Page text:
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2001, Dir. James Isaac
94 min. Rated PG-13.
Starring: Mike Myers, Seth Green, Beyonce Knowles, Verne Troyer.

Review by Noel Wood

Well, after months of “looks pretty good so it’ll probably suck” anticipation, I finally was able to see the new Austin Powers movie this weekend, twice in one night, at the heralded Starlight Drive-In in East Atlanta. Paid for once of course, along with a repeat viewing of MIB II. I guess I can’t say my initial predictions on quality were that far off, but it wasn’t a complete disappointment. But I’ll get down to what worked and what didn’t in a second.

First off, a side note about the site. I’ve been watching the statistics on the web site since my hosting provider revamped their stat-o-meter a few weeks ago, and I gotta say it’s interesting to know what drives people. It seems that the majority of my hits go to a little diatribe that Chad wrote way back in the video store days about nudity in movies. Not that the individual article needs any more traffic, but if you want to see what I’m talking about you can see it here. You see, it turns out if you plug in the word “nude” on a search engine alongside any of several popular Hollywood starlets’ names, you get a link to the page in question. Unfortunately, since there’s no pretty pictures of Jennifer Tilly or Jennifer Connelly (apparently the two biggest referring names) most people tend to jump off the ship as soon as they board. What REALLY scares me is that “Sally Struthers Nude” is in the top ten referring search queries, tied with “Mia Kirschner Nude” but well ahead of searches for people along the lines of Dana Delaney, Madeline Stowe, and Natasha Henstridge in the buff. Now of course, since I’ve put those popular keywords here in this article, I’m probably gonna get mad hits on my Austin Powers 3 review, so I guess I better make it worth reading to hook some people in. But at least I have some comfort in knowing that some people still manage to find my site in their ongoing quest to find information about Jimmy Baio and Chad Allen, as my stats also report.

So anyway, on to GOLDMEMBER, which is a catchy little Bond-parodying title that really has no merit at all. Why not? Because basically, for being the title character, Mike Myers’ gold-fetish Dutchman is pretty damn inconsequential. You see, New Line Cinema would like for you to believe that the film revolves around the kidnapping of Austin’s father at the hands of Goldmember, a Dutch émigré who runs a Studio-54esque night club back in 1975. In actuality, it seems to revolve more around the struggle for acceptance between Dr. Evil and his two most favorite people, his son Scott and clone Mini-Me; as well as the whole family struggle between Austin and his dad. What basically happens here is that GOLDMEMBER actually winds up being a more intelligent movie than the producers want you to believe, possibly even a smarter movie than they ever intended it to be.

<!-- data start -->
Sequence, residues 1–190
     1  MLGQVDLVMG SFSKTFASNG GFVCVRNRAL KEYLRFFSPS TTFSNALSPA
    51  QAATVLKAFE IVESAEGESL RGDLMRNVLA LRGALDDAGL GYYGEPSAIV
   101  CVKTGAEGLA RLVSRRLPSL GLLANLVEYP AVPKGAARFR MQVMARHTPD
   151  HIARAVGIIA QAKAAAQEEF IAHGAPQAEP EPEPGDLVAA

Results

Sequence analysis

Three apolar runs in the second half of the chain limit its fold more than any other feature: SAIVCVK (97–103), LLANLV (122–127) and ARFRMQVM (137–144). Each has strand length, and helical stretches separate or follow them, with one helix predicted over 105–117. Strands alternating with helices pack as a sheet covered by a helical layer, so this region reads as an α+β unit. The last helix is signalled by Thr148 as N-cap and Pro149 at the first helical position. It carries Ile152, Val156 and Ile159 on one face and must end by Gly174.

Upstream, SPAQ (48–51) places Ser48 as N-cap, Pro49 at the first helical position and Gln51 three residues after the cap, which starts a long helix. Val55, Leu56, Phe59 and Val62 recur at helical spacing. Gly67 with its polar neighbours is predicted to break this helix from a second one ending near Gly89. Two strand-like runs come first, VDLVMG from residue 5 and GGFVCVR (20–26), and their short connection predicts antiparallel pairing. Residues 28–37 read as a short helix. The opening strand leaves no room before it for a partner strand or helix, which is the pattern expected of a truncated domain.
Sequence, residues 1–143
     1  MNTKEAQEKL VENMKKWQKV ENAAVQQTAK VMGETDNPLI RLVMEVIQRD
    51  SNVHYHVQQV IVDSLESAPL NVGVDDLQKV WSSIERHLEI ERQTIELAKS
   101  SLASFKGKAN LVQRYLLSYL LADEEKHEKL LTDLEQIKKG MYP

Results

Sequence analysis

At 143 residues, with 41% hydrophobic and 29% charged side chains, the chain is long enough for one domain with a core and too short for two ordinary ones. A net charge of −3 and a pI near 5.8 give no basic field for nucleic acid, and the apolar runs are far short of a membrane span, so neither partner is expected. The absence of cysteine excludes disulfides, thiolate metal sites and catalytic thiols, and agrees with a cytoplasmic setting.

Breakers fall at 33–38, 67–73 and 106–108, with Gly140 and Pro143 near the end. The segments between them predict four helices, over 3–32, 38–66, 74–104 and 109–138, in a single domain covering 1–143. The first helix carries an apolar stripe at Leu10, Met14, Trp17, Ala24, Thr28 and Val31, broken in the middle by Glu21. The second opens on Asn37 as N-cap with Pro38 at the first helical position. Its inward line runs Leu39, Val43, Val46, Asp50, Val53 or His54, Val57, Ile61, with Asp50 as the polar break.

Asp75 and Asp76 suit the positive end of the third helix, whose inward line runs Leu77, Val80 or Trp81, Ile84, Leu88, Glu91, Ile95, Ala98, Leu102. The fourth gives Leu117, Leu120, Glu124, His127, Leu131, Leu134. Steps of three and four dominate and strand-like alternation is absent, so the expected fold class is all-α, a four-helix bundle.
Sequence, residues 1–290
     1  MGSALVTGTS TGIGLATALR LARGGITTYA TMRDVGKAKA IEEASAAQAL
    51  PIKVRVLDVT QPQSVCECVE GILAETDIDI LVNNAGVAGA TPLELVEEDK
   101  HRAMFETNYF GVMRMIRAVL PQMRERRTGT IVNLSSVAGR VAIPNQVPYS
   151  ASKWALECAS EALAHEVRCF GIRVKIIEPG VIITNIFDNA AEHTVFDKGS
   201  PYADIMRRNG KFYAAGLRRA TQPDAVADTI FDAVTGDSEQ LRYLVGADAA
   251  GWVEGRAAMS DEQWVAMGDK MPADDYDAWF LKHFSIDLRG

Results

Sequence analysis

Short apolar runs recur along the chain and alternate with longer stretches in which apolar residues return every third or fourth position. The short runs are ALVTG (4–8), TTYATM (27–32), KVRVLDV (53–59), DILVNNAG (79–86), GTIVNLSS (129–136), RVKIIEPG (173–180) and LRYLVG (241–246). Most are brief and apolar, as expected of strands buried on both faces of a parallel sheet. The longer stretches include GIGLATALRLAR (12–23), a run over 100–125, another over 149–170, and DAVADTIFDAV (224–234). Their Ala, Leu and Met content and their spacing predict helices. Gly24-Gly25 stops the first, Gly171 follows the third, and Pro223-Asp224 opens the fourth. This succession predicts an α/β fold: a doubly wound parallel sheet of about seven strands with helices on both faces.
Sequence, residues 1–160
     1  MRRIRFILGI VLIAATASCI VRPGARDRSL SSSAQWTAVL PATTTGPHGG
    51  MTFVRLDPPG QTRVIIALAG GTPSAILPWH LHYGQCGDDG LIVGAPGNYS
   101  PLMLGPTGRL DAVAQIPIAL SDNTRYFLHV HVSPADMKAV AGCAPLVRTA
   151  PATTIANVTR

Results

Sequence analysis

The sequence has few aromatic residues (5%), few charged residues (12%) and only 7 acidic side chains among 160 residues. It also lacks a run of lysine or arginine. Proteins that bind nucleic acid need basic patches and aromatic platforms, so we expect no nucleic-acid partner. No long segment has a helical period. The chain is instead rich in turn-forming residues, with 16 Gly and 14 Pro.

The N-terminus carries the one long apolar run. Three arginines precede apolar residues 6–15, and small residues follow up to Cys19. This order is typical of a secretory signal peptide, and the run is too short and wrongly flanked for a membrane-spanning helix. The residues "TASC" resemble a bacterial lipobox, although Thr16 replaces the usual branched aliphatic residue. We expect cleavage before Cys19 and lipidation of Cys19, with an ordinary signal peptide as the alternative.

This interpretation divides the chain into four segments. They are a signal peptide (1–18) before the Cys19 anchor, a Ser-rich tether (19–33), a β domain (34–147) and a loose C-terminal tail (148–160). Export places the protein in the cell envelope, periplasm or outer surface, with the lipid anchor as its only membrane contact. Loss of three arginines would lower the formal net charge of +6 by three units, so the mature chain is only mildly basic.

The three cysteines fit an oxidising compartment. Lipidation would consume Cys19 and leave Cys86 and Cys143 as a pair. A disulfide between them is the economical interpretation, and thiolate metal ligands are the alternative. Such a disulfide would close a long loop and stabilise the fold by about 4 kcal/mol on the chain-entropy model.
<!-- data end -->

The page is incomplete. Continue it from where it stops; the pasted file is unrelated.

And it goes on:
This all starts rolling along when Dr. Evil gets imprisoned in a maximum security prison for his plan to launch “Preparation H”, a tractor beam designed to bring a meteor to Earth (in a joke not unlike the ‘Alan Parsons Project’ or ‘Death Star’ bits from the previous films). While away (and after a couple of pretty funny bits parodying SILENCE OF THE LAMBS, “Oz”, and Jay-Z music videos), Scott Evil begins to desire to earn his father’s respect and become the heir to daddy’s evil conglomerate. So much of a desire, in fact, that he begins losing his hair to match his daddy’s smooth pate. So when Dr. Evil busts loose, Scott surprises Dr. Evil by giving him what he has had his eyes on since day one: frickin’ sharks with frickin’ lasers on their frickin’ heads! Earlier, Austin’s captured father Nigel Powers put a bug in Mini-Me’s ear encouraging him to stand up for himself, which plays out later when Dr. Evil invites Scott to join him at his side, alienating his former object of affection. Mini-Me winds up joining the enemy camp and takes the look of Austin himself, and hilarity ensues. Meanwhile, we learn a lot about the pasts of Austin and Dr. Evil, including the reasons behind the strained relationship between Austin and his own father. Like I said, the movie says a lot more than can be appreciated at face value, which is definitely working in its favor in this watcher’s eyes.